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December 4, 2002

Hearing-impaired sisters teaching sign language to their classmates

From: Fremont News Messenger, OH - 04 Dec 2002

CLYDE -- With a trickle of her fingers, Kristy Miracle shows her classmates how to say "snow" in sign language.

A trickle, a bad face and a swipe of her hand shows the sixth-graders how to say, "I don't like snow."

A girl in the back asks how to say "I love snow." And with a smile, a trickle and a rub of her fist over her heart, Kristy obliges.

Her classmates give this 13-year-old their full attention when she stands in front of them at Green Springs Elementary School.

The same is true at South Main Elementary School, where Kristy's 6-year-old sister, Tara, shows her classmates words in sign language.

The Clyde girls have genetic hearing losses. Kristy is completely deaf. Tara has 50 percent loss, meaning she can hear when people speak loudly.

They are two of several students in the Clyde-Green Springs School District who have hearing impairments.

Class lessons

Kristy and Tara began teaching their classmates about a month ago and usually teach once a week.

With her mom as an interpreter, Kristy said she wanted to teach her friends so they will be able to talk to her.

The first step was teaching the ABCs.

"Once you learn the ABCs, they stay with you," Kim Miracle said. "We are finding once they get the ABCs down, they're good."

Kristy's school interpreter, Lisa Borden, helps her with the lessons. During a recent one, Kristy reviewed the words "good morning," "lunchtime," "sorry," "please," "excuse me," "good night," "good afternoon" and "thank you."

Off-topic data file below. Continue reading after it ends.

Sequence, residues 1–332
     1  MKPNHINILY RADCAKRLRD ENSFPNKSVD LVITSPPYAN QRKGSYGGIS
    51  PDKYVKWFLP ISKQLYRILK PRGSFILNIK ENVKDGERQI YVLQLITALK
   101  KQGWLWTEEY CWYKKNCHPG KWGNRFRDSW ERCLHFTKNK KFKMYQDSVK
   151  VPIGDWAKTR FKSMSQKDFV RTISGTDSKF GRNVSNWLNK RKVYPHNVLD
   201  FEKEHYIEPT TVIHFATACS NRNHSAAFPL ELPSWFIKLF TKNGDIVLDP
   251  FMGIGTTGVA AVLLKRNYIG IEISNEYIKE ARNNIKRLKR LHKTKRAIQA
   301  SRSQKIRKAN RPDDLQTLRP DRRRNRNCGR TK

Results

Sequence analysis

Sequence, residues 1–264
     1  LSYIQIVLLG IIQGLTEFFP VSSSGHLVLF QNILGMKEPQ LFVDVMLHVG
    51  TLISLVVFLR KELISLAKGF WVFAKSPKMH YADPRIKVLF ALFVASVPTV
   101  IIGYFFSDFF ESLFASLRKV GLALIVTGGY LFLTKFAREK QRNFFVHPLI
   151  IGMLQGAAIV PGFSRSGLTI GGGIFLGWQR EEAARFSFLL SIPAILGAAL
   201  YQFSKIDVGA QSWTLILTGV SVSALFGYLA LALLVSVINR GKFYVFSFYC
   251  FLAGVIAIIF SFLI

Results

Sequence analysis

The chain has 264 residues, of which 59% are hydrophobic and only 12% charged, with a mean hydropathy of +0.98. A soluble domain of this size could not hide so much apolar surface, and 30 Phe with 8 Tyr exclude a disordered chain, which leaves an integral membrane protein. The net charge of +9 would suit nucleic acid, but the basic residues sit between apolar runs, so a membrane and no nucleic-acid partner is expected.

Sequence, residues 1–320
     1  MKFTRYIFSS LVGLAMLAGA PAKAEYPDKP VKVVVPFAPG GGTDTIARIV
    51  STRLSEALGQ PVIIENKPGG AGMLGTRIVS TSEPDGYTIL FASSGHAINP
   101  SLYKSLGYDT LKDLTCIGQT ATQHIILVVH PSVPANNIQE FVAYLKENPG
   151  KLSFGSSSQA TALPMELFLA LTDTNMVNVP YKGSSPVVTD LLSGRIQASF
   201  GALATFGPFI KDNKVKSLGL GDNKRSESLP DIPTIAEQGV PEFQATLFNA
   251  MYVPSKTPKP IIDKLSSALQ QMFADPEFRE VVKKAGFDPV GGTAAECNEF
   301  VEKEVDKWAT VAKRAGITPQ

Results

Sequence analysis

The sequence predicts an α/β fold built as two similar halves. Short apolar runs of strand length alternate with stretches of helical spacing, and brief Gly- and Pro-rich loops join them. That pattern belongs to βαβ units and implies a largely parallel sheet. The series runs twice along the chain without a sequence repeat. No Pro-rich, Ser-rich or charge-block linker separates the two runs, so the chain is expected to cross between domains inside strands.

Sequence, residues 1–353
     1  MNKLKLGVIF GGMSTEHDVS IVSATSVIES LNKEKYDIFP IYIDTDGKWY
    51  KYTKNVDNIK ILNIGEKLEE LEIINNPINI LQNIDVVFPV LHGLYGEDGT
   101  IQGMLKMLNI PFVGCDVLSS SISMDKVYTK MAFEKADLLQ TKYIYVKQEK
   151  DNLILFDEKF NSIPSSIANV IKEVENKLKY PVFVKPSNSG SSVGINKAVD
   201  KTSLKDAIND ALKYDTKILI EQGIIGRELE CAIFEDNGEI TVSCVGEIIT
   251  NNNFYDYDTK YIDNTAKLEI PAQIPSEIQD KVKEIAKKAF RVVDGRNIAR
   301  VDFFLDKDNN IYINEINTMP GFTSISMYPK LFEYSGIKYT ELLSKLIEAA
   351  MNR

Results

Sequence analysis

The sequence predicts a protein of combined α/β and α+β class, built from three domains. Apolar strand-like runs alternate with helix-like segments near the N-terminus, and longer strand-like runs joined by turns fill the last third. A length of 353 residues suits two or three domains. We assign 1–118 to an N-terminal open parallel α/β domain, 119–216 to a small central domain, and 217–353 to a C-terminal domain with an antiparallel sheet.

Kristy taught new words "snow" and "see you later" as her classmates practiced at their desks.

"They're very excited to be able to talk with Kristy using her language," teacher Jan Harris said. "It boosts everyone's self-esteem because they can talk without having to rely on other people all the time."

Tara taught her classmates the alphabet and her interpreter, Melissa Rosenberger, teaches phrases and classroom words like "line up."

"She has such a positive attitude. She beams with enthusiasm when they do it," Tara's teacher, Randy Stockmaster, said. "She's included, not excluded."

Rosenberger said the students also have a positive attitude.

"They're pretty enthusiastic about it," she said. "They don't look at it like it's a disability."

And another upside to knowing sign language?

The kids can talk to each other even when they're told to be quiet.

"Sometimes you'll see them use it among themselves," Stockmaster said. "They think they're being clever."


Teaching their classmates sign language is one step of many that Kristy and Tara's parents, Terry and Kim, would like to see accomplished in the Clyde-Green Springs School District.

Another goal, to have sign language taught in the high school, is in the preliminary stages.

Currently, Brent Borden teaches students in a 10-week session before school at Clyde High School. The class is for credit and a grade and was first held last year.